Why did contracts supplant the cash market in the broiler industry? An economic analysis featuring technological innovation and institutional response

Carolyn Dimitri, Edward C. Jaenicke, Anne B. Effland

Research output: Contribution to journalArticle

2 Citations (Scopus)

Abstract

The decision to write contracts for production of commodities can be framed as an institutional response to changing industry and market conditions. When innovations increase available rents to technology owners (or technology appropriators), contracts can replace cash market transactions even though contracts carry higher transaction costs. We proceed by first fully documenting technological innovation in the broiler industry and tracing the evolution of contracts in the broiler industry. Next, we adopt a stylistic model to demonstrate how technological innovation might induce a switch to contract sales from cash market transactions. This paper contributes to the literature by investigating major institutional change in the broiler industry through an integrated analysis that weaves together industry history with elements of institutional economics, transaction cost theory, and game-theoretic economic analysis.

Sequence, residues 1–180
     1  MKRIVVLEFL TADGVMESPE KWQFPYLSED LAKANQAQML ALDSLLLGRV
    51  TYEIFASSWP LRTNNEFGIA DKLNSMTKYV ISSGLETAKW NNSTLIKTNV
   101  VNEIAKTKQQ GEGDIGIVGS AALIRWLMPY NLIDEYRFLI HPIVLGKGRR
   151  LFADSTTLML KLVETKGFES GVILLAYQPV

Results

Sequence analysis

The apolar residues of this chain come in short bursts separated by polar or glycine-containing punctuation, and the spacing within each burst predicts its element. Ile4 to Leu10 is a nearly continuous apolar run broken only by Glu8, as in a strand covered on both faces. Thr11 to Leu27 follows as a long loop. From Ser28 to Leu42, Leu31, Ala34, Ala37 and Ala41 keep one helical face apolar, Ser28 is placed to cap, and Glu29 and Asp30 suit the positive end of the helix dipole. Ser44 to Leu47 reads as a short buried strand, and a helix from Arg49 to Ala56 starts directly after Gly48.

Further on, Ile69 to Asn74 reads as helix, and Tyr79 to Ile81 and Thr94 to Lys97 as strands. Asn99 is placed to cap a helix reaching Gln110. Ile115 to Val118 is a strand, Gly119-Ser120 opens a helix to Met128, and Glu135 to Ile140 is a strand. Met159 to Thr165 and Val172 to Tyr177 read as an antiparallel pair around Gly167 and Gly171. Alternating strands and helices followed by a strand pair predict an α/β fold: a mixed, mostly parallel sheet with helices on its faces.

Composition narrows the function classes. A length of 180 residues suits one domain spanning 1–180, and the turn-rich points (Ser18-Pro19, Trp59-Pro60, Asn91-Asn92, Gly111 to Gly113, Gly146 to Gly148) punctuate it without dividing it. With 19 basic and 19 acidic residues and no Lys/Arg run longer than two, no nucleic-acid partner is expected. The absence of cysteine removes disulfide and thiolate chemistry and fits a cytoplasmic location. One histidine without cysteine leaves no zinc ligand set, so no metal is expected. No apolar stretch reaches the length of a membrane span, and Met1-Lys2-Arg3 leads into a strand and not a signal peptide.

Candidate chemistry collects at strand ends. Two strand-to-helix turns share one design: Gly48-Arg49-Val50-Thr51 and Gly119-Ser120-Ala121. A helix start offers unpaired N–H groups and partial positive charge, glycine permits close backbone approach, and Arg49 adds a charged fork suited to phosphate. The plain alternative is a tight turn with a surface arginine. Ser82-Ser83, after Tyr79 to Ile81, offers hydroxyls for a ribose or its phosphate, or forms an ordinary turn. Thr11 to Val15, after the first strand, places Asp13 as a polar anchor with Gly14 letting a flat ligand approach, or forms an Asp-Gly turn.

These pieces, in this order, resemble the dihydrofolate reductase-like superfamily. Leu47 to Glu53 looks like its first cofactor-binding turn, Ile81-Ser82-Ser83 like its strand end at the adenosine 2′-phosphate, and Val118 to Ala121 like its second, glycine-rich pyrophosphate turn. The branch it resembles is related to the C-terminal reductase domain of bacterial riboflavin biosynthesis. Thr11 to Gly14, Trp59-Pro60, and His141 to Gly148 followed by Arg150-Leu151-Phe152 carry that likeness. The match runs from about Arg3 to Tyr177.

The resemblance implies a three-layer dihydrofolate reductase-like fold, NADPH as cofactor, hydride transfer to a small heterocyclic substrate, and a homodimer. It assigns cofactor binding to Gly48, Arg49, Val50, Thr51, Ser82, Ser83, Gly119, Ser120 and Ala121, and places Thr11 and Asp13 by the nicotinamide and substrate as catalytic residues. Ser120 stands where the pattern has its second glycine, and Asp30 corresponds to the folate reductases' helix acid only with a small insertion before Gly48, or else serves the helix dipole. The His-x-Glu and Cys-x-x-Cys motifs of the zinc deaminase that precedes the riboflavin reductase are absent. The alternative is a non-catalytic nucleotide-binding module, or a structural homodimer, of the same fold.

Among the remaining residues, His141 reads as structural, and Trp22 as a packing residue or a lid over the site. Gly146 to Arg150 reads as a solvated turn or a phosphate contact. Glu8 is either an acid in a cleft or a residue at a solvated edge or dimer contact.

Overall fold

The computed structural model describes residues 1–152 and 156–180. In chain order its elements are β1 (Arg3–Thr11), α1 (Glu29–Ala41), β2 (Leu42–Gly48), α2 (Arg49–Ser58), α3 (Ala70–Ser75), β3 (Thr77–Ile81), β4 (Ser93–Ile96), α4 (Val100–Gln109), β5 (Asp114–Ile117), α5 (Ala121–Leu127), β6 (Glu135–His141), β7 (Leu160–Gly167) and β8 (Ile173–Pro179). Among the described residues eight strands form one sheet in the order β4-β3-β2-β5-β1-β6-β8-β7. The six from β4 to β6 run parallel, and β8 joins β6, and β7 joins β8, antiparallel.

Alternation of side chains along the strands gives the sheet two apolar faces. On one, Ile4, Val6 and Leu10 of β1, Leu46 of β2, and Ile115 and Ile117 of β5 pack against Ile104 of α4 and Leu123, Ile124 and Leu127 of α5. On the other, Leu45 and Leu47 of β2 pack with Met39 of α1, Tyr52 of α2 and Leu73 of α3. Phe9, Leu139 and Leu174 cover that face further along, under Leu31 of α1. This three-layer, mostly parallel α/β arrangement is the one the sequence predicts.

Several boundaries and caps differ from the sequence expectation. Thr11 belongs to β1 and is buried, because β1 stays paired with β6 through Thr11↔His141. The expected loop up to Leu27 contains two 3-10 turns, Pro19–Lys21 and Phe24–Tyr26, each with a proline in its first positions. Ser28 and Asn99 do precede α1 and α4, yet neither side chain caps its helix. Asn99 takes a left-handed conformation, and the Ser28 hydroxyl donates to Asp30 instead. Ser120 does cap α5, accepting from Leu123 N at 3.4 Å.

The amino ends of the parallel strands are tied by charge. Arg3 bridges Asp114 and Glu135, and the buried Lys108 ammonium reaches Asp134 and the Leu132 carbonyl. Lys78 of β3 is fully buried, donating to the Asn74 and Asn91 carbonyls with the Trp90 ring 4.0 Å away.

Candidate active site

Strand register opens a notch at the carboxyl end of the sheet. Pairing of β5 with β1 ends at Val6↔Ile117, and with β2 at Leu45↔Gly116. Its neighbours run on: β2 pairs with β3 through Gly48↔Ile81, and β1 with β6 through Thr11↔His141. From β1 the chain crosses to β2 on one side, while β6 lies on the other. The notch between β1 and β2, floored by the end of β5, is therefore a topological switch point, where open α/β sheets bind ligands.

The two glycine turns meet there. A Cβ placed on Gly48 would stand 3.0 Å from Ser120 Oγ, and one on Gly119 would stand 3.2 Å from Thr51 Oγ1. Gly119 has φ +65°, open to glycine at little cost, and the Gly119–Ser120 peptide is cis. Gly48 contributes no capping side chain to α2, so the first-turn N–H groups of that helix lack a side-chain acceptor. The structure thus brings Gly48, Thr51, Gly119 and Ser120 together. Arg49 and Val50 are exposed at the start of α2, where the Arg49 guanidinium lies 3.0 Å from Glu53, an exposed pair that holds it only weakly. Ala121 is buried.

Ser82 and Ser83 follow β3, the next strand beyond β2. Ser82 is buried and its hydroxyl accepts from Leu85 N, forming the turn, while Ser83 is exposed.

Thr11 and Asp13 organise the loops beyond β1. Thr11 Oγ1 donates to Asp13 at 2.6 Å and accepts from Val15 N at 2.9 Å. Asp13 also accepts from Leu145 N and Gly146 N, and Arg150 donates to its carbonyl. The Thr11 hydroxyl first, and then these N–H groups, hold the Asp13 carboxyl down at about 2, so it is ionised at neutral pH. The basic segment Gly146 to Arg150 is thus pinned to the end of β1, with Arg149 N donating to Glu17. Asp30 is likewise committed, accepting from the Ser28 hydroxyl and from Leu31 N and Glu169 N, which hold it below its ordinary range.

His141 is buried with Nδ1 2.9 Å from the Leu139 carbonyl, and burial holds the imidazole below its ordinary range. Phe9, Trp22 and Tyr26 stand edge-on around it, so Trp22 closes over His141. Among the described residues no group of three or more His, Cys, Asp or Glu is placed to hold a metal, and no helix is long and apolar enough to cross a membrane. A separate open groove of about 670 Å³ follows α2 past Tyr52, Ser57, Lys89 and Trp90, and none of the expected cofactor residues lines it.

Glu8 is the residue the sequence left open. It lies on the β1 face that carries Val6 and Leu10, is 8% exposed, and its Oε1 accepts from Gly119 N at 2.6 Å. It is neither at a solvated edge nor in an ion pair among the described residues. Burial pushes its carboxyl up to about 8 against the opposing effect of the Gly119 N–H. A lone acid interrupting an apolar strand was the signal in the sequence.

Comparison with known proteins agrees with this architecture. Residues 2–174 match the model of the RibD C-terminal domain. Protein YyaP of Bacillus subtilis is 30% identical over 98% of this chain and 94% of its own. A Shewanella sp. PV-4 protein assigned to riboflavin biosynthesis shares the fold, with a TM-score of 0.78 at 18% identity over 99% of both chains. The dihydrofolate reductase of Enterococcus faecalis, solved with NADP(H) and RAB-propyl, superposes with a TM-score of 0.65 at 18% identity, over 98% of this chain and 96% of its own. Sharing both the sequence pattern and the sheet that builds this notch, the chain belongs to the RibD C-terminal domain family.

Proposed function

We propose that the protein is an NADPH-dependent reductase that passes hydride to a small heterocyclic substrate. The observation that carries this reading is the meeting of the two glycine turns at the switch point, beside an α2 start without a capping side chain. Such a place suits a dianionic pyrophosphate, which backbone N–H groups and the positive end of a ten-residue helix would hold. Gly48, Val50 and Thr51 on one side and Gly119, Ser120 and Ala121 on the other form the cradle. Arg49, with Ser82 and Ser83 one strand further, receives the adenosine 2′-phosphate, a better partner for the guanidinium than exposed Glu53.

Original languageEnglish (US)
Article number9
JournalJournal of Agricultural and Food Industrial Organization
Volume7
Issue number1
DOIs
StatePublished - Jan 1 2009

Fingerprint

Inventions
Contracts
economic analysis
Industry
broiler chickens
Economics
markets
industry
Game Theory
Technology
Costs and Cost Analysis
economic costs
products and commodities
sales
Broiler
Economic analysis
Technological innovation
Cash
history

All Science Journal Classification (ASJC) codes

  • Food Science
  • Business, Management and Accounting(all)
  • Economics and Econometrics

Cite this

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